By Brian Hioe. July 5, 2023
In past weeks, the KMT has called for a legislative review of the US-Taiwan Initiative on 21st-Century Trade. This proves ironic.
The US-Taiwan Initiative on 21st-Century Trade is the first stage of a trade initiative in talks between Taiwan and the US, pertaining to customs and borders, regulatory practices, anti-corruption measures, and investment pertaining to small-to-medium sized enterprises. Subsequently, this will allow for negotiations on areas including state-owned enterprises, agriculture, labor, environmental protections, and non-market practices.
The US-Taiwan Initiative on 21st-Century Trade was signed between Taiwan’s Representative to the US, Hsiao Bi-khim, as well as American Institute in Taiwan (AIT) Managing Director Ingrid Larson. AIT is the US government’s representative body in Taiwan in lieu of formal diplomatic relations.
President Tsai Ing-wen has signed off on the initiative, as has the cabinet. Premier Chen Chien-jen has touted that progress on the initiative could allow Taiwan to enter multilateral trade agreements that it has been seeking admittance to, such as the Comprehensive and Progressive Agreement for Trans-Pacific Partnership (CPTPP). The CPTPP is the form that the TPP took after the US withdrawal from the CPTPP in the early days of the Trump administration. Japan is one of the significant driving forces behind the CPTPP currently.
With the US still declining to rejoin the CPTPP after the Biden administration took power, the Tsai administration is primarily focused on pursuing trade relations with the US and CPTPP countries separately, though it clearly sees both efforts as related. Namely, Taiwan has long sought closer economic relations with countries that are potential allies against the threat of a Chinese military invasion, such as the US and Japan. It is hoped that by increasing economic cooperation and investment from such countries, this increases the incentive for such countries to defend Taiwan against an invasion from China.
Some DPP lawmakers have agreed with the KMT that the US-Taiwan Initiative on 21st-Century Trade should be reviewed by the legislature, given the significant impact that trade agreements could have on Taiwan. Legal provisions specify that the Legislative Yuan be presented the trade agreement “for reference,” but the KMT is calling for review of the trade agreement as a whole.
That is not incorrect. One should well remember the shocks experienced by Taiwan’s agricultural industry after Taiwan joined the World Trade Organization (WTO). External market pressures following Taiwan’s admittance to the WTO also led to the decline of domestic industries such as the cinema industry, with an influx of Hollywood films. This illustrates the importance of reviewing such trade agreements.
Yet calling for a review of the US-Taiwan Initiative on 21st-Century Trade is ironic when the KMT had previously not had such compunctions with regards to trade agreements it tried to push for with China. The most significant case in point would be with regard to the Cross-Strait Services Trade Agreement (CSSTA), which pan-Blue camp has sought to revive in present times.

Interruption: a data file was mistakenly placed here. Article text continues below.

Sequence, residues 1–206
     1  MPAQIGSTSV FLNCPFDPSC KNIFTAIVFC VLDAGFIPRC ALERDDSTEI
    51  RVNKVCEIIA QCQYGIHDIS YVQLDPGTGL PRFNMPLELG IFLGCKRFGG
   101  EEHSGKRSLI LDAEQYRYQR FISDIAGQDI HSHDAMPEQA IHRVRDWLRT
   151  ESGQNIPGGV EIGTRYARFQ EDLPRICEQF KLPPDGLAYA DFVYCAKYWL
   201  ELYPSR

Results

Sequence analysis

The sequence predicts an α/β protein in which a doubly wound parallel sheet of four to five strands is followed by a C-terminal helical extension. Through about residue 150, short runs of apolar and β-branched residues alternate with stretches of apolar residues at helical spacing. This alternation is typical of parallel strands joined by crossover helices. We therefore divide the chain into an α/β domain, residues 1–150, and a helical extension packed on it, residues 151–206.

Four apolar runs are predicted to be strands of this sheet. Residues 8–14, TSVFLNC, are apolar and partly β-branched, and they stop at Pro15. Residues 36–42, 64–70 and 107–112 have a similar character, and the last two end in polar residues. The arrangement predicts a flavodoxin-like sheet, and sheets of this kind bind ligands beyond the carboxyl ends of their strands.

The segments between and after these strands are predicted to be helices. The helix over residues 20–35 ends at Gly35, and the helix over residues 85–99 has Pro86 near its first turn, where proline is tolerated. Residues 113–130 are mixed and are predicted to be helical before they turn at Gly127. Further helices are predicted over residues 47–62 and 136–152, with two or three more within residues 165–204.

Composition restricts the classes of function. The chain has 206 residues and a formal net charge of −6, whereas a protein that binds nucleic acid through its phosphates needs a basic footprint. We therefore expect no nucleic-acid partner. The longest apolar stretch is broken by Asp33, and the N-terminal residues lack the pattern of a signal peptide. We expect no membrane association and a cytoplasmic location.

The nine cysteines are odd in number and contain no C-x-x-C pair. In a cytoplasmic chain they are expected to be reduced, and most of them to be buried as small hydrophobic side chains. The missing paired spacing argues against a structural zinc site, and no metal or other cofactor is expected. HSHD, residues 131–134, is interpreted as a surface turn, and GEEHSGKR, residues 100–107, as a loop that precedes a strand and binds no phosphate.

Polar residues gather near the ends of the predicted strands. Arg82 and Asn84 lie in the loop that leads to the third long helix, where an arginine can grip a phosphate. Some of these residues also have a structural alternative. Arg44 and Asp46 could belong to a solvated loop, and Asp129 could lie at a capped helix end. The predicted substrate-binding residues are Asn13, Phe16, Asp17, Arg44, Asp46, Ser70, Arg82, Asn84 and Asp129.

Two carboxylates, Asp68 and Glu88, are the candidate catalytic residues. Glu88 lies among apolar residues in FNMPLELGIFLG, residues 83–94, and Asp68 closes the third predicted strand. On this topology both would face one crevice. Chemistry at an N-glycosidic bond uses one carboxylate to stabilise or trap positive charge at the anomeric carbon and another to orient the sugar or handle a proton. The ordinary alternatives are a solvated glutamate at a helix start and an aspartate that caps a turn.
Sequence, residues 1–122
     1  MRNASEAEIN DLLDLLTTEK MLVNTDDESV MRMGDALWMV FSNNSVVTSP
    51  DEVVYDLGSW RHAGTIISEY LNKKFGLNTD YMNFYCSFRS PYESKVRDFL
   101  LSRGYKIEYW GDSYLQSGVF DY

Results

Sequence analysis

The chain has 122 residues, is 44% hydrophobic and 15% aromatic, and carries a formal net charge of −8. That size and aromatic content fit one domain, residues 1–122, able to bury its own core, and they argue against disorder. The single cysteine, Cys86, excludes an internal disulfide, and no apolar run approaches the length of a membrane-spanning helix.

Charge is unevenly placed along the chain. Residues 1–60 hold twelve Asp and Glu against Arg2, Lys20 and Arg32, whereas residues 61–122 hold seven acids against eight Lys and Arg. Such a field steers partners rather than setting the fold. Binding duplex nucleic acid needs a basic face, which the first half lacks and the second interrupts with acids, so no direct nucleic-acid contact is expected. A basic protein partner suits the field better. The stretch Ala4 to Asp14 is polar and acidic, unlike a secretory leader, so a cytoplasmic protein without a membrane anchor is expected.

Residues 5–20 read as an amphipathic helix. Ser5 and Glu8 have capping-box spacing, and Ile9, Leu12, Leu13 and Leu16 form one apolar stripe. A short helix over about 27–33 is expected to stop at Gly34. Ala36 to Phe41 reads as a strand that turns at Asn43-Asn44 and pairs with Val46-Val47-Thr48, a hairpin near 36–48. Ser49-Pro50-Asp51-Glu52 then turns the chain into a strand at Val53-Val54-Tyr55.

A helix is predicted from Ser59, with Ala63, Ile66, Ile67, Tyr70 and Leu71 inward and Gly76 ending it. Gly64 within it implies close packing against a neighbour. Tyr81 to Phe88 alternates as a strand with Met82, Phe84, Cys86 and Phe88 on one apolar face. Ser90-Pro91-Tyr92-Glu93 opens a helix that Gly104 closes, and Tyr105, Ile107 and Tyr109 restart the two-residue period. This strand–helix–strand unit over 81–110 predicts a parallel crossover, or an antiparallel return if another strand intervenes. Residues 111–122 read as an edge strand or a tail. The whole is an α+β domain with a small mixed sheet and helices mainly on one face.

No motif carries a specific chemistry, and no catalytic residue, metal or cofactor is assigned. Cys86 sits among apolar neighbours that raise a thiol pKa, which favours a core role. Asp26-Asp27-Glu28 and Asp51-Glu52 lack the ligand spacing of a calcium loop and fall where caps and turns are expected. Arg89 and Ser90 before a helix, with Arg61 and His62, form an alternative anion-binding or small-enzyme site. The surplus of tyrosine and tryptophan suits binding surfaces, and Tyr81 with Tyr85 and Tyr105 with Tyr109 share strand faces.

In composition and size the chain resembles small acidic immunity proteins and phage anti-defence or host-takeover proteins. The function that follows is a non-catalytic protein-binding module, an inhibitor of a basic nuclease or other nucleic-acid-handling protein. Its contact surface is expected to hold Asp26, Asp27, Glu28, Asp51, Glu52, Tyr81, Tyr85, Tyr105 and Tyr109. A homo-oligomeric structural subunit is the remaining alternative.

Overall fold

The KMT attempted to circumvent committee review for the CSSTA in March 2014 in the series of events that precipitated the Sunflower Movement. Legislator Chang Ching-chung passed the CSSTA in under thirty seconds, while reportedly hiding in a bathroom with a megaphone, as part of what were read as efforts by the KMT to quickly ram the bill through the legislature. Resultant public outrage led to the monthlong occupation of the Legislative Yuan by student activists, in what proved one of post-authoritarian Taiwan’s largest and most significant social movements.
This goes to show, then, how the KMT only cares about the issue of legislative oversight when it serves its own purposes.
At times, both parties have swapped positions on trade-related issues. Indeed, one of the issues that the KMT has sought to attack the DPP over in terms of trying to facilitate closer economic relations with the US is how the Tsai administration lifted long-standing barriers on pork imports from the US. This is framed as a way in which the Tsai administration disregarded public opinion to try and push for stronger economic relations with the US. Yet lifting barriers on pork imports from the US was originally proposed under the Ma administration, which was then opposed by the DPP.
But even so, the KMT leaning into attacks on the DPP over lack of transparency has often proved hypocritical and opportunistic given its past record on trade deals such as the CSSTA. Certainly, it is not as though the KMT calls for review for all trade agreements, just those that serve its purposes.